In a ruling that will have broader implications in FCA cases, the Court ruled that a claim precluded by the first-to-file bar should not be dismissed with prejudice. Further, it determined, if the pending cases that were first filed are dismissed, “the first-to-file bar no longer applies,” 5 and Carter could refile his FCA suit.

United States ex rel. Keltner v. Lakeshore Medical Clinic, Ltd. 6

One District Court case from March is worth noting. In Keltner, the court refused to dismiss a complaint challenged under Fed.R.Civ.P. 9(b), failing to plead fraud with particularity. The whistleblower alleged that a physician practice discovered, through annual auditing, that two of its physicians had upcoding error rates, billing for a higher level of Evaluation and Management (“E/M”) services than were actually provided, of more than 10%. She further alleged the defendant corrected the claims audited but did not explore other claims and that at one point the practice stopped auditing altogether. The relator argues this leads to the plausible inference that the defendant submitted fraudulent claims for E/M services. The Court found these allegations sufficient to plead a knowing false claim through reckless disregard for truth or falsity. Further, the Court found those same allegations were sufficient to state a claim for relief under the “unrefunded overpayment” provision of the FCA added under FERA 7 for overpayments withheld after May 20, 2009. 8 The Court further applied the “unrefunded overpayment” amendment to the FCA to determine that claims for services by unsupervised physician assistants, while insufficiently pleaded to survive a Rule 9(b) challenge as actual false claims, were adequately pleaded as unrefunded overpayments, as the relator alleged she notified the defendant of the error and no action was taken. This case is a stark example of the importance of the FERA and PPACA amendments adding the new “unrefunded overpayments” to the definition of reverse false claims. In this case, the Court went farther than any other court has to date, finding that even claims that could not survive a Rule 9(b) challenge because they were pleaded without sufficient particularity could survive as reverse false claims with the whistleblower’s addendum: “I told them about the general problem and they didn’t fix it.” This would effectively remove all “unrefunded overpayment” claims from the long-standing rule that all FCA cases must be pleaded with particularity.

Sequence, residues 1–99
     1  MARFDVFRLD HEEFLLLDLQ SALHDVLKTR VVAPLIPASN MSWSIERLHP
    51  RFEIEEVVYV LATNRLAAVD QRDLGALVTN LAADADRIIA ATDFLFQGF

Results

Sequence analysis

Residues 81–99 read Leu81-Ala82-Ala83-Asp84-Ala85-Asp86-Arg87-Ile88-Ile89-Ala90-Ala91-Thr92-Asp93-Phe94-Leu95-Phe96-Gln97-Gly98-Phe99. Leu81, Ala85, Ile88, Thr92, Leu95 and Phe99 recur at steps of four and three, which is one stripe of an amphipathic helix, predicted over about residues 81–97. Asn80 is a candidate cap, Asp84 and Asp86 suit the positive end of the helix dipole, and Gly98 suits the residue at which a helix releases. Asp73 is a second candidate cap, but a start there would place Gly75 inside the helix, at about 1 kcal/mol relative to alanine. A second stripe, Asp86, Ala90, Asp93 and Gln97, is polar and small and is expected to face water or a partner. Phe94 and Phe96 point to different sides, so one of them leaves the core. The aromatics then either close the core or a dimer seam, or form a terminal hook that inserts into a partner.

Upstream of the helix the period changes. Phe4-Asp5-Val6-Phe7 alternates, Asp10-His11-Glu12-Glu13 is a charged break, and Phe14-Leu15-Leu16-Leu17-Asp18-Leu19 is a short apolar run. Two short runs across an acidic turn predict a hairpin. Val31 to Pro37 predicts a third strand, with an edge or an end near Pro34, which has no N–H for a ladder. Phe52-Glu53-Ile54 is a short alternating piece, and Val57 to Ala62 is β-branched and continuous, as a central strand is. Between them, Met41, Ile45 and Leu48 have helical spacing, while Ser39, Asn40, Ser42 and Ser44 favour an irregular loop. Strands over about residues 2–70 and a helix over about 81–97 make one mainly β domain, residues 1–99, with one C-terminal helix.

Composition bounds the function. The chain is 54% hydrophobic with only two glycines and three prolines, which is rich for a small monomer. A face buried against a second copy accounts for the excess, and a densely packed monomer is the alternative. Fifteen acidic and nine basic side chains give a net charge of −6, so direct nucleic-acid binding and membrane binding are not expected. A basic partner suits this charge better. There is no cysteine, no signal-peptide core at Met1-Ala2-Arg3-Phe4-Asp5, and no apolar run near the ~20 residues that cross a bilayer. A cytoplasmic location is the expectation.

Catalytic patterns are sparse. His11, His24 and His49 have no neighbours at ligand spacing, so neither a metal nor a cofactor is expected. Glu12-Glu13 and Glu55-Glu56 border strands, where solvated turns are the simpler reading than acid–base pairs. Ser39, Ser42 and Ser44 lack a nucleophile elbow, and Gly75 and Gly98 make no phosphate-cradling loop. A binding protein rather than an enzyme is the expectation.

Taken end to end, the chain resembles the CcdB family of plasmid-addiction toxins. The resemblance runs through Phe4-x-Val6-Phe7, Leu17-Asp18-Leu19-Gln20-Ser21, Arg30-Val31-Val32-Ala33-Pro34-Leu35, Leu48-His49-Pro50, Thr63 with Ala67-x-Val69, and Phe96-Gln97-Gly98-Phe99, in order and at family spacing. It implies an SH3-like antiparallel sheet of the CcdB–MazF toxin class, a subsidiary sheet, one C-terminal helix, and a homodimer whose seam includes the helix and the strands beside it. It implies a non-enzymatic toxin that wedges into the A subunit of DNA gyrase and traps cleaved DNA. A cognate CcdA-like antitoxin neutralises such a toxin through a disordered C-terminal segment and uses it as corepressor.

1. — F.3d —-, 2013 WL 1150213 C.A.7 (Ill.),2013, March 21, 2013.
  2. U.S. ex rel. Carter v. Halliburton, et. al., 710 F.3d 171 C.A.4 (Va.) 2013.
  3. 18 U.S.C. § 3287.
  4. 710 F.3d at 178.
  5. quoting In re Natural Gas Royatlies Qui Tam Litig., 566 F.3d 956, 963-64 (10th Cir. 2009).
  6. U.S. ex rel. Keltner v. Lakeshore Medical Clinic, Ltd., 2013 WL 1307013 (E.D.Wis. March 28, 2013).
  7. Fraud Enforcement Recovery Act
  8. The court did not consider whether the effective date should be the effective date of FERA or the Patient Protection and Affordable Care Act of 2010 (PPACA). For more on this issue please see Retention of Overpayment under FERA and the PPACA.